There are several state and federal regulations that govern the handling, usage and security of sensitive data stewarded by the University. If you use a personally-owned computer or a University-owned computer not managed by CIS for University work then you are responsible for properly securing it in accordance with University policy to comply with federal and state data privacy regulations.
If you use a University-managed computer issued to you by CIS, then your security settings are managed for you.
Data classified as Internalor higher shall be accessed or maintained on personally owned devices only when necessary for the performance of University-related duties and activities. University employees shall take all required, reasonable, and prudent actions necessary to ensure the security and retention of sensitive institutional data.
Regardless of the presence of sensitive or regulated Institutional Data, your computer may contain personal and private information, such as financial or medical information, notes, photos, contacts, documents, or saved passwords, that you wish to protect from theft or accidental loss. As such, taking security precautions as described below also safeguards your personal information.
Entities Affected By This Policy
All University employees.
Reason for Policy
This policy directs members of the University community who access or maintain sensitive Institutional Data to meet their shared obligation and responsibility to secure such data by properly self-managing the privacy and security settings on their personally owned device.
Effective Date: March 1, 2020 Last Updated: March 1, 2020
Permission to Use Un-Managed Devices
Departments shall decide on a unit-by-unit basis whether to allow University employees, agents, affiliates or workforce members to use personally owned devices to access or maintain sensitive Institutional Data. Deans and department heads authorizing the use of personal devices are responsible to communicate the boundaries of personal use and raise awareness of appropriate regulations and risk.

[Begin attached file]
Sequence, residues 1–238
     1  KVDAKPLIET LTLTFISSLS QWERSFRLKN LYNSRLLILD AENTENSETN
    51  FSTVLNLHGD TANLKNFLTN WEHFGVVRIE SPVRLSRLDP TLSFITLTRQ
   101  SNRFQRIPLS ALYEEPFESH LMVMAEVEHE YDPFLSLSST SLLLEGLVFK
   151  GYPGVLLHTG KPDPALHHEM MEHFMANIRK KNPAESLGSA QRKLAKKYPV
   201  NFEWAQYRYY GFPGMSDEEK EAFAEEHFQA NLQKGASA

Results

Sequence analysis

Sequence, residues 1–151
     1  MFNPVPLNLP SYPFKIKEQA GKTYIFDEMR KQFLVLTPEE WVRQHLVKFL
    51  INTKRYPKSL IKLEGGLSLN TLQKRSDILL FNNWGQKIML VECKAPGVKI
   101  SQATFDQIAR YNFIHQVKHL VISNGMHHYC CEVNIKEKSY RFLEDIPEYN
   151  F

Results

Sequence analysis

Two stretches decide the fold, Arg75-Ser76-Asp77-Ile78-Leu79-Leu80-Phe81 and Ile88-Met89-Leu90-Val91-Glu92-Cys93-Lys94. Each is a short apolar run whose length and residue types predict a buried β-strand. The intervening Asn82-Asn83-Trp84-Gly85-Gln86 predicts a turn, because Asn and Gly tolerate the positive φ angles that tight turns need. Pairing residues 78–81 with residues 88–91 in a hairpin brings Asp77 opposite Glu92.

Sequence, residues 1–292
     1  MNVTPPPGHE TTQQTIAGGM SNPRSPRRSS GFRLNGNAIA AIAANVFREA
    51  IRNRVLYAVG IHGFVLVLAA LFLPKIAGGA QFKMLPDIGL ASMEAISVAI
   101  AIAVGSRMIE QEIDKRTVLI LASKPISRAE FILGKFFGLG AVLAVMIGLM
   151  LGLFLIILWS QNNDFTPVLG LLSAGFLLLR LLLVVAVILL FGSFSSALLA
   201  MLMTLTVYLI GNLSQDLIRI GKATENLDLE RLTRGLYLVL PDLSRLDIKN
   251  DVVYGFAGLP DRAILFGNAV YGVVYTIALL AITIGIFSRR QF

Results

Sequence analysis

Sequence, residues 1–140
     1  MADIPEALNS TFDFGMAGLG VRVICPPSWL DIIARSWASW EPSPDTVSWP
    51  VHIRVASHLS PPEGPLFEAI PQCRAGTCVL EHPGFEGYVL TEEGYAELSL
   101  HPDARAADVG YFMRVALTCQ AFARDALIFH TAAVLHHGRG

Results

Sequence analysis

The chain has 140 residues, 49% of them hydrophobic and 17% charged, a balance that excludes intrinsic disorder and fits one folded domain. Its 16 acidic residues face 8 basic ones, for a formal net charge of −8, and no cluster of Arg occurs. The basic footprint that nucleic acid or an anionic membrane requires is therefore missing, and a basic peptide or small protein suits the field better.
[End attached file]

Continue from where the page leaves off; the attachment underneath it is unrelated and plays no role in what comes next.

University employees shall maintain up-to-date, device-appropriate security safeguards and follow the policies, standards, and guidance provided by the University, as well as comply with appropriate safeguards required by state and federal regulations. In addition, the University or individual units may require that specific security settings and/or software be put in place and maintained on the device to protect sensitive Institutional Data.
Most regulations require the securing of devices used to store data. Securing your devices doesn’t just mean keeping them in a safe place. It means setting a strong password, encrypting file storage, keeping your software up-to-date, backing up your data, choosing appropriate privacy and access settings, deciding what networks to connect to, and more.
Encrypt File Storage of your personal computer to protect sensitive data in the event the device is lost or stolen
Keep your operating system and other software up-to-date.Software updates include patches for newly identified vulnerabilities and other important security updates.